guest blog by Deborah Goonan
The latest controversy in HOA Land: in Nevada – and by extension 21 other states with similar legal status – the HOA super priority lien can now extinguish an outstanding mortgage backed by the Federal Housing Finance Agency (FHFA).
It’s ironic, because when CAI was founded back in 1973, it was with cooperation from FHA. Their agreement to back mortgages in common interest developments was the glue that held disparate CAI interests together.
But after years of mortgage deregulation, followed by out-of-control real estate price increases, and the ensuing mortgage default crisis, things have certainly changed.
Now it’s very difficult to obtain mortgage financing for condos, and not that easy for detached single family homes either. In the 22 states that have enacted priority lien status for HOA assessment liens, mortgage financing just became a great deal more difficult to obtain.
In early December, CAI boasted about its Nevada Supreme Court victory, where the court ruled that the FHFA backed-mortgage lien is extinguished following the HOA’s non-judicial foreclosure to collect unpaid assessments.
But a few weeks later, FHFA has fired back, vowing to fight in court to invalidate HOA foreclosures that wipe out taxpayer-financed guaranteed mortgages.
CAI claims that FHFA is “bailing out mortgage servicers” and vows to fight for the rights of HOAs to maintain super priority lien status. CAI’s statement presents the usual argument that the owners that can afford to pay assessments have to cover the costs for owners who cannot or will not pay.
But at issue for FHFA is the fact that HOA foreclosures can now wipe out entire mortgage interests, at dollar amounts that far exceed state super-priority lien allowances of 6, 9, or 12 months unpaid assessments.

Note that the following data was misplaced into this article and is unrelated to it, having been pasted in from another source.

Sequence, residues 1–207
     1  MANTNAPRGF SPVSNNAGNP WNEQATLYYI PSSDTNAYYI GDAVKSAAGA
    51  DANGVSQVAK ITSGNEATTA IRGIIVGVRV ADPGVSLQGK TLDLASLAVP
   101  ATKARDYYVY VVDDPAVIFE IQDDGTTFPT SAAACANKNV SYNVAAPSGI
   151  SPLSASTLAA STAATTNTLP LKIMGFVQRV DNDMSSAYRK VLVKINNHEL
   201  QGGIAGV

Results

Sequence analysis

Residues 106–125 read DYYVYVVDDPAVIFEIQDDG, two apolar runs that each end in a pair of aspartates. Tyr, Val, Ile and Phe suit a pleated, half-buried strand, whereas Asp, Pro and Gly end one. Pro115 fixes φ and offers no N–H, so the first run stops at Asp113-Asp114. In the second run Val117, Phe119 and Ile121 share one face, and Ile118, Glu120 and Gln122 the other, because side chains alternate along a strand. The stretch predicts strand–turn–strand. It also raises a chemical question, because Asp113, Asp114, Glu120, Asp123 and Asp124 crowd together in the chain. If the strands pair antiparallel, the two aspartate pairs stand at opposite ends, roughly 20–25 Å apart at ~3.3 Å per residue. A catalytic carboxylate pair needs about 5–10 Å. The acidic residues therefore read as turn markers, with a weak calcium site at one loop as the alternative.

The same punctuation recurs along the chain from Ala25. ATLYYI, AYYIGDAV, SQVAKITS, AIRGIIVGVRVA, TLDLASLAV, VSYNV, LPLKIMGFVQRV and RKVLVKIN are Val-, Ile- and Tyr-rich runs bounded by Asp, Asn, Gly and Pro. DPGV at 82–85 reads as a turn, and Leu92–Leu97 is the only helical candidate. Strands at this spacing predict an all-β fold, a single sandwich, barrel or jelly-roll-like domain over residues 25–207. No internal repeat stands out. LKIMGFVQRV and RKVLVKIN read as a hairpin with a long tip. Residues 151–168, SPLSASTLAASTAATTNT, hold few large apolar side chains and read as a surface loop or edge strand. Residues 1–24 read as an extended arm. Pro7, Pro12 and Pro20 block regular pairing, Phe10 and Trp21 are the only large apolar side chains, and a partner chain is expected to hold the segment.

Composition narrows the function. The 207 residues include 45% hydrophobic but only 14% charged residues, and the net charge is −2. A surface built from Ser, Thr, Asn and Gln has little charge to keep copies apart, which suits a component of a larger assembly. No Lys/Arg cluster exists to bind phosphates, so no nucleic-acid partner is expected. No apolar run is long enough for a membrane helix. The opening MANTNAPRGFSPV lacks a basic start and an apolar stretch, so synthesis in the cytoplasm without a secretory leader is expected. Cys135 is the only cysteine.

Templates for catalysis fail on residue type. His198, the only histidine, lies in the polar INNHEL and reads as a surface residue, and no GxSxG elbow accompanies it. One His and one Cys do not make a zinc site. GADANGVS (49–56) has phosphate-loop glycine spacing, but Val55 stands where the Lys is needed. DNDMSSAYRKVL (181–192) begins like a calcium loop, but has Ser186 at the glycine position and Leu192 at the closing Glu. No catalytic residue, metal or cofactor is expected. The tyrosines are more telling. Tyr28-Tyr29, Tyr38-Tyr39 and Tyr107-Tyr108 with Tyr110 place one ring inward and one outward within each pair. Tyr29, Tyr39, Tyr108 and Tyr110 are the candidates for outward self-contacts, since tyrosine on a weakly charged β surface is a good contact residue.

The super-priority lien, CAI argues, is a means to motivate mortgage servicers to either speed up the foreclosure process or pay the HOA’s lien prior to or at its assessment foreclosure sale.
It is interesting to note that the Nevada Supreme Court was split 4-3 on whether a judicial foreclosure is necessary in an attempt to wipe out the mortgage lien, citing due process rights to redemption for owners and mortgage lien holders.
It seems clear that FHFA will not sit idly by, allowing HOAs to beat them to foreclosure and wipe out mortgage interests. FHFA has filed action in Nevada Federal court because, in its own words, it “has an obligation to protect Fannie Mae’s and Freddie Mac’s rights, and will aggressively do so by bringing actions to void foreclosures that purport to extinguish Enterprise property interests in a manner that contravenes federal law.”
Will FHFA challenges lead to statutory mandate of judicial (vs. non-judicial) foreclosure of HOA liens? Will increased legal costs and lending risks lead to higher costs for borrowers, including escrow of 6 – 12 months assessment fees? Or will FHFA push for elimination of HOA super priority lien status? These are interesting times.
Given the history of more than a few HOA attorneys to abuse the foreclosure process in order to evict owners and acquire homes with high equity (little to no mortgage balance owed) at the HOA’s auction sale, the recent NV Supreme Court decision is unsettling, to say the least. If first mortgages can be wiped out following HOA foreclosure, doesn’t that create additional moral hazards?
CAI-HOA corporate interests will duke it out in court with FHFA. And while HOA homeowners may “win” the relatively small battle for collecting a portion of unpaid assessments upon mortgage foreclosure, they will probably lose the war for preserving property values, if homes are allowed to sell at HOA auctions for pennies on the dollar, or if FHFA pulls the plug on favorable financing terms.